Chia-Hao Chang


3 Analyze Long-Term Shoreline Change at Yi-Lan Coast, Taiwan Using Multiple Sources

Authors: Chia-Hao Chang, Geng-Gui Wang, Jee-Cheng Wu


A shoreline is a line where a body of water and the shore meet. It provides economic and social security to coastal habitations. However, shorelines face multiple threats due to both natural processes and man-made effects because of disasters, rapid urbanization, industrialization, and sand deposition and erosion, etc. In this study, we analyzed multi-temporal satellite images of the Yilan coast, Taiwan from 1978 to 2016, using the United States Geological Survey (USGS) Digital Shoreline Analysis System (DSAS), weather information (as rainfall records and typhoon routes), and man-made construction project data to explore the causes of shoreline changes. The results showed that the shoreline at Yilan coast is greatly influenced by typhoons and anthropogenic interventions.

Keywords: DSAS, shoreline change, multi-temporal satellite, digital shoreline analysis system, Yi-Lan coast

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2 Identification of Landslide Features Using Back-Propagation Neural Network on LiDAR Digital Elevation Model

Authors: Chia-Hao Chang, Geng-Gui Wang, Jee-Cheng Wu


The prediction of a landslide is a difficult task because it requires a detailed study of past activities using a complete range of investigative methods to determine the changing condition. In this research, first step, LiDAR 1-meter by 1-meter resolution of digital elevation model (DEM) was used to generate six environmental factors of landslide. Then, back-propagation neural networks (BPNN) was adopted to identify scarp, landslide areas and non-landslide areas. The BPNN uses 6 environmental factors in input layer and 1 output layer. Moreover, 6 landslide areas are used as training areas and 4 landslide areas as test areas in the BPNN. The hidden layer is set to be 1 and 2; the hidden layer neurons are set to be 4, 5, 6, 7 and 8; the learning rates are set to be 0.01, 0.1 and 0.5. When using 1 hidden layer with 7 neurons and the learning rate sets to be 0.5, the result of Network training root mean square error is 0.001388. Finally, evaluation of BPNN classification accuracy by the confusion matrix shows that the overall accuracy can reach 94.4%, and the Kappa value is 0.7464.

Keywords: Lidar, Environmental Factors, back-propagation neural network, DEM, digital elevation model, BPNN

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1 A Study of Non-Coplanar Imaging Technique in INER Prototype Tomosynthesis System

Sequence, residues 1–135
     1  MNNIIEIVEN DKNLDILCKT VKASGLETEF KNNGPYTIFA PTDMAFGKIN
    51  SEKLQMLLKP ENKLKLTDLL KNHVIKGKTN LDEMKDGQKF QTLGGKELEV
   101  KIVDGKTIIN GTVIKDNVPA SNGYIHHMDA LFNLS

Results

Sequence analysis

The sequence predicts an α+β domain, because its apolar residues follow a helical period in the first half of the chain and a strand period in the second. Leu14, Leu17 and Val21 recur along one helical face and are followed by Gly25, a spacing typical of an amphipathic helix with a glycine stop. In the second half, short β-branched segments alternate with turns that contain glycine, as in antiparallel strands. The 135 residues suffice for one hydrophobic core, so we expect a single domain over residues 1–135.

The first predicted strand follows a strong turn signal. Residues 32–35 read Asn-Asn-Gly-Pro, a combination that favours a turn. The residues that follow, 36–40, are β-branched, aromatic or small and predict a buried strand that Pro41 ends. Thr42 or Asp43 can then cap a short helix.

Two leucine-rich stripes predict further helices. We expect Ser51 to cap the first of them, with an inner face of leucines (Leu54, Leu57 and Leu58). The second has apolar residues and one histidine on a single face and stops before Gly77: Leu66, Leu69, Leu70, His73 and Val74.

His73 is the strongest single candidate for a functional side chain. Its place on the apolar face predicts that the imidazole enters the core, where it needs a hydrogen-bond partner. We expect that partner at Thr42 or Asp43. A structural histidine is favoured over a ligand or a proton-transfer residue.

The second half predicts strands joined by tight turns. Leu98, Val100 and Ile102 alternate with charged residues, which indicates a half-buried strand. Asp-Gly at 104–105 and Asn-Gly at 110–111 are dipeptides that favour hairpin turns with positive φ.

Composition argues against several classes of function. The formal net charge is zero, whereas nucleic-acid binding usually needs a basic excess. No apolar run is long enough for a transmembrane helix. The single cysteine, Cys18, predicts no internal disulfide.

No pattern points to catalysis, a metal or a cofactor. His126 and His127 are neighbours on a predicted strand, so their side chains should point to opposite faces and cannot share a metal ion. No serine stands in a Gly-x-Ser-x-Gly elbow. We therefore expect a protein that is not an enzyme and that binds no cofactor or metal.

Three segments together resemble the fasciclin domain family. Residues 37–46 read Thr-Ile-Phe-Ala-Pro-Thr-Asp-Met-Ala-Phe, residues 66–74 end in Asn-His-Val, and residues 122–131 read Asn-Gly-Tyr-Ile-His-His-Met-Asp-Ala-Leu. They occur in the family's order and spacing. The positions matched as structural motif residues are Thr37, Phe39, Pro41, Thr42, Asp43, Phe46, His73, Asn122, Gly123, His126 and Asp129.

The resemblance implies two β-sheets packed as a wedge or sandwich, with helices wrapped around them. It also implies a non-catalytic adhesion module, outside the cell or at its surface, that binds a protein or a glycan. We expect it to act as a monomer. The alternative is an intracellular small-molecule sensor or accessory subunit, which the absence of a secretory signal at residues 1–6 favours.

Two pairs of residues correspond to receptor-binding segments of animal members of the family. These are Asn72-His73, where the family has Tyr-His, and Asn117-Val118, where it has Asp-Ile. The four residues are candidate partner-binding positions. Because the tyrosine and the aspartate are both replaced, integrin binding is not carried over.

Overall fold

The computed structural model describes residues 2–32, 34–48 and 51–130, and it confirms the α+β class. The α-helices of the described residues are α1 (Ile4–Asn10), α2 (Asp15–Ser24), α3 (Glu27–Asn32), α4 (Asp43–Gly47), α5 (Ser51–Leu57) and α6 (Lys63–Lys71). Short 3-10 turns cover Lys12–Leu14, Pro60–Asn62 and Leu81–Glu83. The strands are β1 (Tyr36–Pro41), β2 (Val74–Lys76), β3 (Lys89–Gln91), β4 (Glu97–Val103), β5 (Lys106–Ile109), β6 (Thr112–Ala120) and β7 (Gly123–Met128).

Authors: Chia-Yu Lin, Yu-Hsiang Shen, Cing-Ciao Ke, Chia-Hao Chang, Fan-Pin Tseng, Yu-Ching Ni, Sheng-Pin Tseng


Tomosynthesis is an imaging system that generates a 3D image by scanning in a limited angular range. It could provide more depth information than traditional 2D X-ray single projection. Radiation dose in tomosynthesis is less than computed tomography (CT). Because of limited angular range scanning, there are many properties depending on scanning direction. Therefore, non-coplanar imaging technique was developed to improve image quality in traditional tomosynthesis. The purpose of this study was to establish the non-coplanar imaging technique of tomosynthesis system and evaluate this technique by the reconstructed image. INER prototype tomosynthesis system contains an X-ray tube, a flat panel detector, and a motion machine. This system could move X-ray tube in multiple directions during the acquisition. In this study, we investigated three different imaging techniques that were 2D X-ray single projection, traditional tomosynthesis, and non-coplanar tomosynthesis. An anthropopathic chest phantom was used to evaluate the image quality. It contained three different size lesions (3 mm, 5 mm and, 8 mm diameter). The traditional tomosynthesis acquired 61 projections over a 30 degrees angular range in one scanning direction. The non-coplanar tomosynthesis acquired 62 projections over 30 degrees angular range in two scanning directions. A 3D image was reconstructed by iterative image reconstruction algorithm (ML-EM). Our qualitative method was to evaluate artifacts in tomosynthesis reconstructed image. The quantitative method was used to calculate a peak-to-valley ratio (PVR) that means the intensity ratio of the lesion to the background. We used PVRs to evaluate the contrast of lesions. The qualitative results showed that in the reconstructed image of non-coplanar scanning, anatomic structures of chest and lesions could be identified clearly and no significant artifacts of scanning direction dependent could be discovered. In 2D X-ray single projection, anatomic structures overlapped and lesions could not be discovered. In traditional tomosynthesis image, anatomic structures and lesions could be identified clearly, but there were many artifacts of scanning direction dependent. The quantitative results of PVRs show that there were no significant differences between non-coplanar tomosynthesis and traditional tomosynthesis. The PVRs of the non-coplanar technique were slightly higher than traditional technique in 5 mm and 8 mm lesions. In non-coplanar tomosynthesis, artifacts of scanning direction dependent could be reduced and PVRs of lesions were not decreased. The reconstructed image was more isotropic uniformity in non-coplanar tomosynthesis than in traditional tomosynthesis. In the future, scan strategy and scan time will be the challenges of non-coplanar imaging technique.

Keywords: X-ray Imaging, Image Reconstruction, non-coplanar imaging technique, tomosynthesis

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